Musescore with NVDA

• Aug 5, 2016 - 00:00

I applaud the efforts of the developers for making the effort to make MuseScore accessible to blind musicians, and am currently downloading nightly builds with the aim of helping where I can. I hope that my observations won't be seen as negative, as my aim is to help progress, and to give the developers an idea of how we "see" things. The following observations may be of use:
When generating a new score, adding title, subtitle, composer, and copyright all works fine. The problems start in the Template Selection. Things become a bit vague, and sometimes theselected item loses focus, and I'm tabbing around in no man's land. I do however succeed in selecting my template of choice, and move on to entering key and time signatures.
Time signature is fine, and is expressed exactly as I'd expect. The time signature however is a problem, but maybe there's a way to do that once you've entered the number of initial bars, and actually started writing the score. On the other side:
The braille display I'm using focusses on the note you've just entered, which I personally find extremely useful. I'd like to find a way to either display or hear vertically alligned notes.
This has been a long post, and many thanks to those who have read it through it. Please let me know of any future changes which may solve these problems, and I'll be happy to test them out on the relevant nightly build.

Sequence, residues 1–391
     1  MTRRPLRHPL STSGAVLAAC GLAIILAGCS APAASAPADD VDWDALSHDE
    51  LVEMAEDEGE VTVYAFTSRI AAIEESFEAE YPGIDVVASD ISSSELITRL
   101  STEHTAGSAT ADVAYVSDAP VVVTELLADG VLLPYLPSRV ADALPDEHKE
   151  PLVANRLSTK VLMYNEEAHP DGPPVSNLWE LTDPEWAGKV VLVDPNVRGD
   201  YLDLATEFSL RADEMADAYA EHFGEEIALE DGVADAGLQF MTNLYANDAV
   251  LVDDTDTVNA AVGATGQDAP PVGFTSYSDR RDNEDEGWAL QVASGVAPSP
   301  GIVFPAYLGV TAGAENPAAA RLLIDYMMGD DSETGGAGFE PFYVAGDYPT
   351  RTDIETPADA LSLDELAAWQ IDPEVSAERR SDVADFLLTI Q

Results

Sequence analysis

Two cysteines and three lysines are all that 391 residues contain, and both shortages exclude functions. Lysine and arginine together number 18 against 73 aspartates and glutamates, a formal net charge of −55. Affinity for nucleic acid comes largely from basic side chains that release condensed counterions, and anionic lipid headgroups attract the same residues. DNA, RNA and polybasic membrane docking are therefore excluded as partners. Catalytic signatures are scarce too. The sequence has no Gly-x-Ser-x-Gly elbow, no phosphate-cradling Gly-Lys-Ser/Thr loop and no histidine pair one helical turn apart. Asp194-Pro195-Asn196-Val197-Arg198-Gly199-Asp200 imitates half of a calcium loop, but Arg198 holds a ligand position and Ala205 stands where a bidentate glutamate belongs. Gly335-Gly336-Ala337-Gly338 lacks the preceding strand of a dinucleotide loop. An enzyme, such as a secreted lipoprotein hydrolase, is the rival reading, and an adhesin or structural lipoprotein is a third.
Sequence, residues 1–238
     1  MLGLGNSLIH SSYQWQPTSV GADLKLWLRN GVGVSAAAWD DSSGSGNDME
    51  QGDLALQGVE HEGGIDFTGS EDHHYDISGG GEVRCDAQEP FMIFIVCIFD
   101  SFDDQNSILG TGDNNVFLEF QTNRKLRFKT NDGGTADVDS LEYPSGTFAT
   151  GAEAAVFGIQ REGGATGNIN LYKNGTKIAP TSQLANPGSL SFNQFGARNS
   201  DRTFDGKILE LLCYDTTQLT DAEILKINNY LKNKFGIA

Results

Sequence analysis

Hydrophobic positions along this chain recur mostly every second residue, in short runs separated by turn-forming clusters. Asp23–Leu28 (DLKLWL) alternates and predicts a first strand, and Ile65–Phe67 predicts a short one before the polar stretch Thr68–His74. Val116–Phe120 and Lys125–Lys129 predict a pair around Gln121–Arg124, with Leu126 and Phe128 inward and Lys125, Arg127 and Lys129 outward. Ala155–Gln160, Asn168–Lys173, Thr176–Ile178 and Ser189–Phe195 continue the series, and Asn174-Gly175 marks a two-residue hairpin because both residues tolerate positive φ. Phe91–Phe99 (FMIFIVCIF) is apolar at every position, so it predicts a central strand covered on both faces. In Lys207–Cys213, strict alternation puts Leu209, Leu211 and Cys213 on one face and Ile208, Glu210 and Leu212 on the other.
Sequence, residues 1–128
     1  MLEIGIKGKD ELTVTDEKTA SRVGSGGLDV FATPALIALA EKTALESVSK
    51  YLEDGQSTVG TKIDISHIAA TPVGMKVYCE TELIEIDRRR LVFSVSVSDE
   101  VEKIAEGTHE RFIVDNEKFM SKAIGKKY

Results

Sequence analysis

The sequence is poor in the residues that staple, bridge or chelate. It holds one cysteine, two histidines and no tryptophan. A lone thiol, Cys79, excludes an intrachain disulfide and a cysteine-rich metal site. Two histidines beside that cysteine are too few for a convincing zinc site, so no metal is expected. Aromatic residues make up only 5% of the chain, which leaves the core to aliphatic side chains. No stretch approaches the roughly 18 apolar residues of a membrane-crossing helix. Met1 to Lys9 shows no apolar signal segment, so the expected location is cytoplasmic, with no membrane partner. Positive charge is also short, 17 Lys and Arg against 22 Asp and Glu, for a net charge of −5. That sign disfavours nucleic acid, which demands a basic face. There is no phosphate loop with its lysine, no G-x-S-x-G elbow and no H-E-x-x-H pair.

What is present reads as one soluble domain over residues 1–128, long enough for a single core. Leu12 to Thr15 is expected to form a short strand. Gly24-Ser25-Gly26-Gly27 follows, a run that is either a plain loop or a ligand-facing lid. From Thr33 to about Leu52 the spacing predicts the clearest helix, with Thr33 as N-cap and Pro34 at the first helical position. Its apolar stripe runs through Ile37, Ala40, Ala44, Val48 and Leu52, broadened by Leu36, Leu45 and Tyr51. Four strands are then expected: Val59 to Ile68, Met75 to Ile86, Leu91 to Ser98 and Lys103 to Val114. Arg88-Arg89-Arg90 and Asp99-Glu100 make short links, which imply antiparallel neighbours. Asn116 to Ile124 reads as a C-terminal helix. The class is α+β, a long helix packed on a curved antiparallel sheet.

Thanks for your comments! We definitely worked to make MuseScore more accessible for 2.0 than in previous releases, but to be honest, most of the work was focused on using MuseScore as a score *reader* rather than a score *editor*, as we know all too well that we have a long way to go with respect to actually editing a score without visual feedback or use of a mouse.

I assume when you wrote "the time signature however is a problem", you really meant the *key* signature is a problem. That is one of the areas we know needs work. It uses the same basic UI as the palettes, which is not accessible at all right now. We do have some ideas and some prototypes but nothing yet included in the nightly builds.

In reply to by Marc Sabatella

Yes, I meant key signature. Finger trouble. I have succeeded in composing something using MuseScore 2, and the latest nightly build. I like the way you have chosen to input notes, and whilst nothing speaks, I get the audio feedback from midi which is great. I'm about to try editting (correcting) an existing score to see how that goes.
More to come...

You may be interested to see all the open and closed accessibility issues in the bug tracker at…

We don't have an issue open to improve the template selection, key signature selection and master palette so feel free to submit a new issue. You will find the issue creation link at the top of the tracker.

As you may know, MuseScore is build on Qt and therefore relies on Qt for its accessibility. In less than one month, I'll be attending in Berlin, and I hope to be able to speak with Qt devs who are knowledgeable on the topic of accessibility to help us out with this particular challenge (i.e. making the palette accessible).

In reply to by Thomas

Thomas, Oddly enough, QT do make accessibility recommendations on their web site, but do not implement them in their own IDE.
Before submitting this as an issue, I'll experiment to find out whether or not there is a way to insert key signature having built the initial score. Getting lost in the instrument list is still an issue, but before submition, I need to document exactly what happens.

In reply to by HappyTenor

I don't think there is any direct way to insert a key signature without use of the mouse, but there is a tricky way. Create the score, let the key be "C", but then press F2 or Shift+F2 as many times as necessary to transpose up or down by half steps. Eg, pressing F2 twice immediately after score creation will transpose your (empty) score to D, giving you a key signature of two sharps.

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